Language is political in Ethiopia because it has both structured and symbolized the nation-building project, and because, in the context of limited resources, any language policy change would require a significant realignment of resources. In modern Ethiopia, the historical distribution of the political goods of communication, recognition and autonomy has been highly skewed, benefiting native Amharic speakers disproportionately. Since the early 1990s, the decentralization of language choice under the federal constitution has led to the use of other languages by members of select ethno-linguistic communities. This study considers the politics of language choice, drawing from the rich literature in political theory which addresses the role of language in the identity politics of multiethnic and multilingual societies. The historical trajectory of language politics in Ethiopia is presented, but the focus is on evidence gathered in parts of Ethiopia in 2001 and 2003. These findings indicate the relationship between language identities, citizenship formation and identification in the country. They are based on structured interviews and participant observation in select regions of the country.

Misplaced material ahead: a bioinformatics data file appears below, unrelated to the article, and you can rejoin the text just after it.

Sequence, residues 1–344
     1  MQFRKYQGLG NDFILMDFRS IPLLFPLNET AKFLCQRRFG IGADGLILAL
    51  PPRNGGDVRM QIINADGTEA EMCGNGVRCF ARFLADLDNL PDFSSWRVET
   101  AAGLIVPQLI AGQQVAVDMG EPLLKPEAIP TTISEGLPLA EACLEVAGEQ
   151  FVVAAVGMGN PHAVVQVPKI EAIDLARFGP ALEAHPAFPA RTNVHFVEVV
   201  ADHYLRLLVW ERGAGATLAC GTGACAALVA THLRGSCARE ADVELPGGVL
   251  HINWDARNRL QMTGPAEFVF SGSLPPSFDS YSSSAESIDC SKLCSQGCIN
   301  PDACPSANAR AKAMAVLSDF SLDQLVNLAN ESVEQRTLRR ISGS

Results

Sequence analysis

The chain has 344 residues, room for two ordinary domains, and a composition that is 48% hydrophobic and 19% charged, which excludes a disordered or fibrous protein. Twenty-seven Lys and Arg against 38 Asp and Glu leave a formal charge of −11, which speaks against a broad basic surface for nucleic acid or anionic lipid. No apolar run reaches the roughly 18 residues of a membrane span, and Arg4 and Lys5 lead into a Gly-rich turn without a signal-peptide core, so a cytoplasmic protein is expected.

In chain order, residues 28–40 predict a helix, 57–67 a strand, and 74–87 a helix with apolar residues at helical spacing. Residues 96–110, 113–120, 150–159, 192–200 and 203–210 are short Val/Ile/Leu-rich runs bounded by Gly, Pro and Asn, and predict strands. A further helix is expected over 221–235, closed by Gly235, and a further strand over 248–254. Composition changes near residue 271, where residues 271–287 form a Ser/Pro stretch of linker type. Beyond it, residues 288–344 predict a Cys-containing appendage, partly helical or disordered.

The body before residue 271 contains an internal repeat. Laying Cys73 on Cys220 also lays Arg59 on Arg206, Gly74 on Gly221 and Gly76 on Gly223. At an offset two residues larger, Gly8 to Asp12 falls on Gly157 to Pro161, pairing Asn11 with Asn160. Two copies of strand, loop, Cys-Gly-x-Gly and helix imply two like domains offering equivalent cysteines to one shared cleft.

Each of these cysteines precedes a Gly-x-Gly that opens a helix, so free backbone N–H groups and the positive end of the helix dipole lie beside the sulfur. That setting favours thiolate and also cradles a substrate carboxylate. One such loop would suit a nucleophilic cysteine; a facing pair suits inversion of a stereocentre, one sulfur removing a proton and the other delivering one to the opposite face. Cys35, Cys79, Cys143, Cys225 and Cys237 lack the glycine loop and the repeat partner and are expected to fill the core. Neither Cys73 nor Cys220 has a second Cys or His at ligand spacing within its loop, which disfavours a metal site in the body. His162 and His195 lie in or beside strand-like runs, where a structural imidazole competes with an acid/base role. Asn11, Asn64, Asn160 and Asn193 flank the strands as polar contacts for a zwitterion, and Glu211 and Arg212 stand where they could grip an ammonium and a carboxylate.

Smith, L. (2008). The Politics of Contemporary Language Policy in Ethiopia, Georgetown University. Journal of Developing Societies 24, 2 (2008): 207–243